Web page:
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Depression

Amelia Hellicar-Foster

The Nature of Depression


Depression is an illness and may be a severe condition, with constant sadness, anger, negativity and difficulty coping. It affects around 20% of people at some stage of their life. For those of you who havent experienced depression, the easiest way to describe it is if you go back to a loss in your family or a sad event that occurred in your life and imagine the pain that came with that sadness and loneliness and then picture that pain and sadness as an ongoing experience. A scientific explanation of depression would be a breakdown of the balance of neurotransmitters, which are the chemicals in our brains which allow us to enjoy aspects of life and give us motivation to do our activities. So people who have depression are not mad or crazy but they just struggle with enjoyment and the will to do the things that you or I might otherwise enjoy.

Sign and Symptoms


There are many signs and symptoms of depression, each of which, if spotted early enough, can be treated. Some of the most common signs of depression are feelings of sadness, hopelessness and worthlessness and withdrawal from friends or family. Other signs may be: Anger Frequent crying or tearfulness Losing interest in everyday activities Changes in diet or sleeping habits Agitation Feeling guilty Lacking motivation and energy Having trouble concentrating Losing ability to control your emotions Losing weight Reduced pain tolerance If worst comes to worst, thoughts of death or suicide

The factors that build up to depression


Physiological Factors Social Factors Changes in the body as you grow up and Not fitting in with other people think you are different from others Feeling that your body is not good enough Feeling left out by your friends

Serious physical illness such as cancer, Loss or death within the family or chronic fatigue or glandular fever friendship circle A mental illness which causes the chemical imbalances of depression Intense stress or trauma Being bullied Tension in the family or with friends

AvailableTreatments
Depression is a treatable illness but to get rid of it you may need to change your brain chemistry or mental processes. Some options are: Psychotherapy/counselling - Talking to someone trained in mental health about what youre dealing with can often help Antidepressants - for more serious cases Hormone treatment-If blood tests show you have low estrogen then replacing it can help lift your emotions and mood You can also visit websites that can help you get through these tough times such as: Beyond Blue, Black Dog, Blue Pages and many more that are out there to offer advice, free treatments and people who you can talk to.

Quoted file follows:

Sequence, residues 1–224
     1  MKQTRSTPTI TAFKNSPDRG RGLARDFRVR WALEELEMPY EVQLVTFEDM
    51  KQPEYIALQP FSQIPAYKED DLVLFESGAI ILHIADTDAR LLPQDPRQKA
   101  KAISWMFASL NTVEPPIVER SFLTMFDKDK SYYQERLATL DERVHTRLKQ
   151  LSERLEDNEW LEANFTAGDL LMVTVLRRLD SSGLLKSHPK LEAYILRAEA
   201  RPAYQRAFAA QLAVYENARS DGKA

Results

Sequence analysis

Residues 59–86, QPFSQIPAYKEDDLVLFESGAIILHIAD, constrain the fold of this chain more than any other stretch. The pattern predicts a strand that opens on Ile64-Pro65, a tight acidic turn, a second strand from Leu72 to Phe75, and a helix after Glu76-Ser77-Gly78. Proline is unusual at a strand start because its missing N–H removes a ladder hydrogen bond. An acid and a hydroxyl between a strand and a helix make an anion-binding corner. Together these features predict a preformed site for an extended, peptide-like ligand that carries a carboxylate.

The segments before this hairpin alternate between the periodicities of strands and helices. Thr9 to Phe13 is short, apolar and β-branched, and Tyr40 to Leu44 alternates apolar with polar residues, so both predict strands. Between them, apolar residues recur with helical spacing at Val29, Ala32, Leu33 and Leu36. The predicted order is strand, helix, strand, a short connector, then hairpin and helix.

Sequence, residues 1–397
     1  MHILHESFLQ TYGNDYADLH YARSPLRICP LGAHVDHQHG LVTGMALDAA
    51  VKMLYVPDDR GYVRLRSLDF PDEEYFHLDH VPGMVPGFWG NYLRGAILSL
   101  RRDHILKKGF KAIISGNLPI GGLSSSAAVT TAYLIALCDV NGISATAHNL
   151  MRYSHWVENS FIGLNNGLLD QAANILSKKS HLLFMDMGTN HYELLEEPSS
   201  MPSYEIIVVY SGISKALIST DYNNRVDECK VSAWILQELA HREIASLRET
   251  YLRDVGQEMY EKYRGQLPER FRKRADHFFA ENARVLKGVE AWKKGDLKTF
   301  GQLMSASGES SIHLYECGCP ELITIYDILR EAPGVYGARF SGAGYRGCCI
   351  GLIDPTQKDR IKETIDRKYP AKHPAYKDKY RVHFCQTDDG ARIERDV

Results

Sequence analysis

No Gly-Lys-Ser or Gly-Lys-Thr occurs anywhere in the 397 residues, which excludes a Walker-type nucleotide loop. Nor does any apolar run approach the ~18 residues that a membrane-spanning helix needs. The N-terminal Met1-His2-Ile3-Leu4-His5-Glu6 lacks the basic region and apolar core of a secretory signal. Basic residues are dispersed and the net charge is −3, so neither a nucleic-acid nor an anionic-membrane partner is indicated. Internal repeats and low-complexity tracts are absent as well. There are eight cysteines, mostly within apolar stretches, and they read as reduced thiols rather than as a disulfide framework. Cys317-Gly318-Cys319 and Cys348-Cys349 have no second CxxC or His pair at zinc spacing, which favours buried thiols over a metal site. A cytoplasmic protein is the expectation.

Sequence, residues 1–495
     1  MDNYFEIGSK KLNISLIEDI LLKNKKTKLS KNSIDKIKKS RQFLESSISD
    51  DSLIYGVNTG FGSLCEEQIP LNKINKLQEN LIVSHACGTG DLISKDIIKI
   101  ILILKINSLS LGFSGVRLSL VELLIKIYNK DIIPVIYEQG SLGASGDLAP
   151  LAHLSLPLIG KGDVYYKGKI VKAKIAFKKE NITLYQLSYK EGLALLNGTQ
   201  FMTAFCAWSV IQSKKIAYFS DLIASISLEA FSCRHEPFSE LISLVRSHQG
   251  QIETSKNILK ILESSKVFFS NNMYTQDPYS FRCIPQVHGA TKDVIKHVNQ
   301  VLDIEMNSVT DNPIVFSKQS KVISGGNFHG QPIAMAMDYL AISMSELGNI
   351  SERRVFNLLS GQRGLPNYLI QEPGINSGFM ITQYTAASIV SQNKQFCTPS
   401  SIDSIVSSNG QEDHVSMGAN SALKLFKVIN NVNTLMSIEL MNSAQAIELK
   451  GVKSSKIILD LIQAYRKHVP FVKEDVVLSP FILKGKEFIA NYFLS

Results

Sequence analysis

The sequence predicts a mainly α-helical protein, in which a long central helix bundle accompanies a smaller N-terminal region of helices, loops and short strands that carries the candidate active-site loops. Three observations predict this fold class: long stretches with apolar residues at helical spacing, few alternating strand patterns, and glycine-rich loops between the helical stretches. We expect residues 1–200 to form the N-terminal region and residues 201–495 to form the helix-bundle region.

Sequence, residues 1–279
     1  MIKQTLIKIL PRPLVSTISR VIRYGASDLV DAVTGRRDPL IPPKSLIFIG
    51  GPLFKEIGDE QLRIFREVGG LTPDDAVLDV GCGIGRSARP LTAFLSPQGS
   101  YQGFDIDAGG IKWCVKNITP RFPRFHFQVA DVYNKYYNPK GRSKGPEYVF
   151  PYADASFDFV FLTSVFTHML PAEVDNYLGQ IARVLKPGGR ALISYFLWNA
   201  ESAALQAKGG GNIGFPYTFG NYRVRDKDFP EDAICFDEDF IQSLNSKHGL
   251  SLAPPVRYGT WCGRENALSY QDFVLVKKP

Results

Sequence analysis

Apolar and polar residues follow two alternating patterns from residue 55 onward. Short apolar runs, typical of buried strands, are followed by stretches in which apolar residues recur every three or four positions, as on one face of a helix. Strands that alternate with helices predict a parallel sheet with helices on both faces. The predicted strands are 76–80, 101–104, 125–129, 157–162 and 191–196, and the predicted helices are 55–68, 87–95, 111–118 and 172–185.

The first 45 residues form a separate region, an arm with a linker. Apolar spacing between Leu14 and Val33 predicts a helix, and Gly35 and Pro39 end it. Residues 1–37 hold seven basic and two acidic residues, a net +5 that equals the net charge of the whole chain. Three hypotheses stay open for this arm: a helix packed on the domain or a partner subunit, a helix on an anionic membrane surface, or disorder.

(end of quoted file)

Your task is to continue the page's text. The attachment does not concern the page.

Part B
Idea 1: Buddy System Queenwood could provide a buddy system for students with depression. The school counsellor could explain the program in Assembly and call for volunteers and provide training to happy, mature students in the basics of how to handle and help students with depression. These trained volunteers could then aid the students with depression with just regular sessions of talking or simply hanging out. This would be on top of counselling, of course, but hearing what a counsellor might have to say from a peer may ease the situation and they would be able to relate to the peer. It would be good to pair up students who have the same interests or hobbies.

Part B
Idea 2: Laughter yoga class The school could provide these classes before school when those suffering depression often feel worst. To help depression you need to do regular exercise and that is where the yoga comes in. Laughter is one of the best therapies for any illness or disease. You start laughing deliberately and then eventually the laughter begins to come naturally and before you know it youre giggling away. This theory derives from India and it provides a high after the class, making you feel vibrant and alive! This class could be provided to every student in the school but strongly recommended for those with depression because the mixture of yoga, which exercises your body, relieves stress and helps you calm down and the added laughter will have you feel cleansed, calm, relieved and happy after the class. Someone from the North Sydney Laughter Class could teach this at Queenwood.

Bibliography
http://helpguide.org/mental/depression_teen.htm http://www.blackdoginstitute.org.au http://www.depression.com.au http://www.beyondblue.org.au http://www.depression.com http://sydneylaughterclub.com